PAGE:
The Completion Report covers the key achievements of the Mekong River Commission (MRC) in implementing the Strategic Plan 2016–2020 (SP 2016–2020), which identified four key result areas, seven outcomes, 44 outputs, 169 activities to be implemented during its five-year period. The MRC’s implementation of the SP 2016–2020 through its Annual Work Plans over 2016–2020, resulted in the completion or near completion of most of the planned outputs, 23 of which were completed, 15 were not completed or incomplete, and six were discontinued. The 15 incomplete outputs were mostly nearly completed with completion rates at or above 90%.
This guidance gives a preliminary guidance for applicable irrigation techniques and technologies in the Lower Mekong Basin (LMB). This guidance was developed for the MRC Member Countries to use for mitigating impacts of climate change and natural disasters, addressing problems in irrigation sector, and improving irrigation systems in the LMB. This guidance also indicates the defects of irrigation techniques and technologies being utilized in the LMB and suggests where improvements could be made for better utilization.
This report explains the status and trends of plastic waste pollution in the Lower Mekong River Basin from the perspectives of plastic pollution itself as well as the frameworks and capacity of each Member Country to address the issues of plastic pollution. The report estimates that in 2020, its four countries had produced about 8 million tons of plastic waste – of which, some 70% to 90% were plastic bottles, plastic bags and Styrofoam. Yet this debris does more than adversely affect the Mekong and its tributaries.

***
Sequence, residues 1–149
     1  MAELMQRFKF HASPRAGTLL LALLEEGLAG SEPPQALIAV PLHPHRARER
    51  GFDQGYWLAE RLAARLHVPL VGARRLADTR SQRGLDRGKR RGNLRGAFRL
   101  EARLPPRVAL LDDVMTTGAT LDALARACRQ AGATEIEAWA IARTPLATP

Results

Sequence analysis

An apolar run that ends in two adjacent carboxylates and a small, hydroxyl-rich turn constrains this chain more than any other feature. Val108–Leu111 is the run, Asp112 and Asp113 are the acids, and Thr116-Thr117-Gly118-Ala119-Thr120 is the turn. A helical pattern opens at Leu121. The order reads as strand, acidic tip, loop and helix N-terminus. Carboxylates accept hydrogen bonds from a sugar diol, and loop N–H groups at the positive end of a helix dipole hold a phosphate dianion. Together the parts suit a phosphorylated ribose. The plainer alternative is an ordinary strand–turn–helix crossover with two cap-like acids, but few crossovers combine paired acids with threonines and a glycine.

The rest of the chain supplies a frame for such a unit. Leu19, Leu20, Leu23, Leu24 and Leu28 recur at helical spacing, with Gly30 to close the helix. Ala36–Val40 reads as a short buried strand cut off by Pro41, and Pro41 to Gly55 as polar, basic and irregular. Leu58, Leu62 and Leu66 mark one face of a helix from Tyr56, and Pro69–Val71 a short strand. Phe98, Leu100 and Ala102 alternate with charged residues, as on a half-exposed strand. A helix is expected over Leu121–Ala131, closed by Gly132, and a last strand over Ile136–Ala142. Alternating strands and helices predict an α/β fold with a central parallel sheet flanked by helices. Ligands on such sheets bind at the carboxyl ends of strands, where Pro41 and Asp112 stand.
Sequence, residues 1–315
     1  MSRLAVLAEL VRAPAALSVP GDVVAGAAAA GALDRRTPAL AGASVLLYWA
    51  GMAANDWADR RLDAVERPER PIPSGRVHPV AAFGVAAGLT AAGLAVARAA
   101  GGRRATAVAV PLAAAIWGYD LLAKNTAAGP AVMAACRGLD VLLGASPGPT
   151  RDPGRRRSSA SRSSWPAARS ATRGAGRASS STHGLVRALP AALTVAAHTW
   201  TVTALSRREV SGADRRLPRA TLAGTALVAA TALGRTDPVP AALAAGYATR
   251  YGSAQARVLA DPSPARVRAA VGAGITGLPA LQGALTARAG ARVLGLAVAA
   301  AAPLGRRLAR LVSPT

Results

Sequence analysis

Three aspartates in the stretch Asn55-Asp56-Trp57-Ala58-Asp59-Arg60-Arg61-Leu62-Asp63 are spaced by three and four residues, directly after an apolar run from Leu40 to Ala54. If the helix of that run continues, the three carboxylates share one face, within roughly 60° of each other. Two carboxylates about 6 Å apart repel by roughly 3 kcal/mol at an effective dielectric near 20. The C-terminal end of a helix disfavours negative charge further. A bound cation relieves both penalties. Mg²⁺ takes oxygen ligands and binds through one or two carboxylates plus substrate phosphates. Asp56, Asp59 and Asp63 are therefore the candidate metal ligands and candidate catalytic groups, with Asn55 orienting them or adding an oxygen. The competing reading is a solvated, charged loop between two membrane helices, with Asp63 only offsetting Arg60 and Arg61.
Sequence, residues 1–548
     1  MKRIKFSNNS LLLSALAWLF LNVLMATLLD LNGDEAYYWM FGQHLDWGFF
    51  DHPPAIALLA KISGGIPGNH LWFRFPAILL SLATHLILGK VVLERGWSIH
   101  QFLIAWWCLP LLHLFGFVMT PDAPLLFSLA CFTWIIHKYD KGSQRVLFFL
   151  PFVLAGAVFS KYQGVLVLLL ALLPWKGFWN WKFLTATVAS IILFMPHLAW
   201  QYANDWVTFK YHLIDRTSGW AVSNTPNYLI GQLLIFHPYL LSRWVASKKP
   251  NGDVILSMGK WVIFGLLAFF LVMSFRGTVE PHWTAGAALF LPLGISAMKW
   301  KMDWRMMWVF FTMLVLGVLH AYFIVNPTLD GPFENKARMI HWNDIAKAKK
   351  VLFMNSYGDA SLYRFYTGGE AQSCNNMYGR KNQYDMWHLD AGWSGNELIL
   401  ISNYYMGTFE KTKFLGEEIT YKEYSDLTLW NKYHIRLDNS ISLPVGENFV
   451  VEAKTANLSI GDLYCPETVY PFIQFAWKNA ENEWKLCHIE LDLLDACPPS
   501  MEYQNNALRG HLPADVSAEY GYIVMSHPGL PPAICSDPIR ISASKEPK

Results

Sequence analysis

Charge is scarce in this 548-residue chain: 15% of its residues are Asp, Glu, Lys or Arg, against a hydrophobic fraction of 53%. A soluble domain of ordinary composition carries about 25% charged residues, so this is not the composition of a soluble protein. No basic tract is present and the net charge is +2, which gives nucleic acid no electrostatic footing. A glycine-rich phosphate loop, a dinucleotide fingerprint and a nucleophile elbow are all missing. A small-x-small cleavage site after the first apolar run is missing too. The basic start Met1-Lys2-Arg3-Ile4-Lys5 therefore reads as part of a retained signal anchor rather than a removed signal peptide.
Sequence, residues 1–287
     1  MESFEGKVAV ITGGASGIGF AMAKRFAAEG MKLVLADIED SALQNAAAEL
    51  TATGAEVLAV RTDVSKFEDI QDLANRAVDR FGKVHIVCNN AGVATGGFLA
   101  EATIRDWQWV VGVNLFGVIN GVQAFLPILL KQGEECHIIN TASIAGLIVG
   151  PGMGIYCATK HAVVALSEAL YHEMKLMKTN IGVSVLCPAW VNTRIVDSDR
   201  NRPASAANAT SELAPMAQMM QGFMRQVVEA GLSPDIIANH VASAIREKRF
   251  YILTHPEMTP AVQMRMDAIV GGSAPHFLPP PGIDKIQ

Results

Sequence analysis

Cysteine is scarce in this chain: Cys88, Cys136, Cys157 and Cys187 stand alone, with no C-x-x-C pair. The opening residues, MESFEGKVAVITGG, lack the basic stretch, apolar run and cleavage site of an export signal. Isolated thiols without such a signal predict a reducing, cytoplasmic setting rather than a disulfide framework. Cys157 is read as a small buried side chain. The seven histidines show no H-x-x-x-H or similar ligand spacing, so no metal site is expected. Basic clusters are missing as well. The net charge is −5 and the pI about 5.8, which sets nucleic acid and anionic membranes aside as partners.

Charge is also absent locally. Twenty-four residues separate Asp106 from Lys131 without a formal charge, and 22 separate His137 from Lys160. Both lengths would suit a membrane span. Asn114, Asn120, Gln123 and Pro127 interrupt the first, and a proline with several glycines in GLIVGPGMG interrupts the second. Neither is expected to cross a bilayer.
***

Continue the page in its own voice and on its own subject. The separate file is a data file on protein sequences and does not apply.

Joint Environmental Monitoring Programme at Two Mekong Mainstream Dams: The Don Sahong and Xayaburi Hydropower Projects
The report provides an overview of activities conducted and resulting recommendations from monitoring two mainstream dams: Don Sahong and Xayaburi hydropower projects. It summarizes the pilot monitoring results from the first pilot site report for each hydropower project and the Combined Annual Report in a way that illustrates how findings in hydrology, sediment, water quality, aquatic ecology, and fisheries can be interpreted together. Based on the findings, it provides some initial suggestions for mitigation and adaptive management of construction and operation of hydropower projects. It also concludes with recommendations for revisions to the guidelines and monitoring protocols that can then be incorporated into the JEM Programme document.
Conditions in 2019–2021: Hydrological Conditions in the Lower Mekong River Basin (Technical Report)
This technical report unravels the underlying drivers of the extremely low flows and drought based on an analysis of the available data the MRC has collected. Based on the findings, it suggests potential measures to address and mitigate the impacts of the hydrological droughts and storage on the Basin’s people.
This paper reports on the condition of the Basin in 2019, including its hydrology/water flow, flood and drought. The year saw recorded unprecedented flow conditions in the Mekong mainstream and from tributaries. Erratic climatic fluctuations were also found, ranging from extreme dry to extreme wet within short periods of time. The report ends with key recommendations, looking forward.